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Usage Plan

Time Estimate: 10 - 15 minutes

In the previous module, we used AWS WAF to enforce rate limiting for our API. You can also leverage Usage Plans with Amazon API Gateway to set limits on the request rate for specific consumers of your API. This can help to protect it from being abused by a particular misbehaving client.

To tally the number of requests that a certain caller is making, API Gateway uses API Keys to keep track of different consumers of your API. In our use case, let's assume that we want requests coming from different companies can be calculated separately.

For more information on how to create and use usage plans with API keys, see our documentation here: https://docs.aws.amazon.com/apigateway/latest/developerguide/api-gateway-api-usage-plans.html.

Create an API Gateway usage plan

  1. In the API Gateway console, click the Usage Plans link on the left, and click Create.
  2. Fill in the details for the usage plan as follows:

    • Name: Basic
    • Description : Basic usage plan for partners
    • Enable throttling: leave checked
    • Throttling Rate : 1 request per second
    • Throttling Burst : 1 requests
    • Enable Quota: leave cheacked and use 100 requests per month

    Create Usage Plan screenshot

    Click Next.

  3. Now to associate the API we created previously with our new usage plan:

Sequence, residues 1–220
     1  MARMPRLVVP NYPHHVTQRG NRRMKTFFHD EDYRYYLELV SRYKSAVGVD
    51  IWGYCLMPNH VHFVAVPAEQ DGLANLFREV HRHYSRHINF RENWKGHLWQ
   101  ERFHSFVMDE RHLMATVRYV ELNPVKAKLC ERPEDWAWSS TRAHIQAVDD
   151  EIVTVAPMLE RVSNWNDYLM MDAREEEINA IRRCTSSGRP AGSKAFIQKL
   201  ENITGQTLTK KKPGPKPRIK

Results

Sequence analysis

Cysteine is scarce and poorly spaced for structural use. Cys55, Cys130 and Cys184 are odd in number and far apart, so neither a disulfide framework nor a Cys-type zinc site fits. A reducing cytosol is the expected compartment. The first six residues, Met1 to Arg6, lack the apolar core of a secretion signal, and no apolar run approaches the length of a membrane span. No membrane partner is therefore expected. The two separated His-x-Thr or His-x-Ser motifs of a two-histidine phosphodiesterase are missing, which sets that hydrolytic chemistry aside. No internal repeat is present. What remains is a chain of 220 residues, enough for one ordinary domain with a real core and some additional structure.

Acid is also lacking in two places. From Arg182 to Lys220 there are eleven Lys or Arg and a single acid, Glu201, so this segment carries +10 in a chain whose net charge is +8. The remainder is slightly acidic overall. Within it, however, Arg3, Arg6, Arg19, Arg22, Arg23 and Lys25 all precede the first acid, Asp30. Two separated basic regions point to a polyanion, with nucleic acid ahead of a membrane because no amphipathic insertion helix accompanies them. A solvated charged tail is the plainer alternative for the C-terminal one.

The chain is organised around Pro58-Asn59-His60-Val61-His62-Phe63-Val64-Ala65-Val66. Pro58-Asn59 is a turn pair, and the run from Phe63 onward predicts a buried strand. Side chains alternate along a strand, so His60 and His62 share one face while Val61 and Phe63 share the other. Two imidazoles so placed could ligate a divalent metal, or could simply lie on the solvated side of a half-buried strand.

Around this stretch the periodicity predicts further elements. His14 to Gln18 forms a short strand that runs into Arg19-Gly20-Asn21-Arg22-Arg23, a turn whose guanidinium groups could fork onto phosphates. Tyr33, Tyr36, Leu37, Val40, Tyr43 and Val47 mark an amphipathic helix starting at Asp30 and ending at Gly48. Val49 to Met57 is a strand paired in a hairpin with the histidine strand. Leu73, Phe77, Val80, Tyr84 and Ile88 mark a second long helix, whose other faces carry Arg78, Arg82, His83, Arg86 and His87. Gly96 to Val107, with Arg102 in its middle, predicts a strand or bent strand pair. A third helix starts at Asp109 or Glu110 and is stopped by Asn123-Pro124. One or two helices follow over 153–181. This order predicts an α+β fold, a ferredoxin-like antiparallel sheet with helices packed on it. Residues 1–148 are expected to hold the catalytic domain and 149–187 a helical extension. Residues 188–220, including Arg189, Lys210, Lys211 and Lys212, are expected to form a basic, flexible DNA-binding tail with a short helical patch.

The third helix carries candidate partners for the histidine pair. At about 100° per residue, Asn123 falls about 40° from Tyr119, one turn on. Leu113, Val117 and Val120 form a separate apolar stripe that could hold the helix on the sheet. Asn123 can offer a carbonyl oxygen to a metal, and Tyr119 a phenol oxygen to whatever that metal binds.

• Click the button Add API Stage
    • Select FeedbackSvc
    • Pick prod stage
    • Click the checkmark to confirm, then click Next

    add stage to Usage plan

  4. We now need to set up API keys to track usage against this plan. In this step, click Create API Key and add to Usage Plan to create an API key for users.

    • For Name, pick any name e.g. test company
    • For API Key, select Auto Generate
    • Click Save

  5. After the API key has been created, click Done.

Update API Gateway to enforce API keys

Now, we need to modify our API gateway so requests must have an API key present.

  1. In the API Gateway console, navigate to the FeedbackSvc API → Resources. Select the first GET method underneath /feedback and click on Method Request.

  2. Set API Key Required field to true and click the checkmark to confirm.

  3. Deploy the API again to the prod stage (Click Deploy API under the Actions button).

Test request with API keys

  1. Now let's go back to your terminal in Cloud9 and use curl to invoke the API. Now that the API is enforcing API keys, the request should fail if you don't include the API key header.

    Try sending the following request like you did before. You should see the request fail with a {"message": "Forbidden"} response.

    curl $API_ENDPOINT
    
  2. Now let's make a request using our created API key. First, to find your auto-generated API key value, go to the API Keys tab in the API gateway console → click on the API key you created in previous steps → click Show next to API Key:

    You can then add the API key request header when using curl like this:

    # Important: change the api key to your own key
    API_KEY=7J5UvskjNg7VAXSaye2P66u04KYWDEDhaHoEPkox
    
    curl -s -H"x-api-key: $API_KEY" $API_ENDPOINT | jq
    

    You should now see the request go through.

Extra credit

If you want extra credit (karma points), here are some ideas:

  • Try viewing/downloading the usage data for a given client.

    Hint: See here on some documentation

  • Try configure different throttling thresholds for different API methods

    Hint: See here on some documentation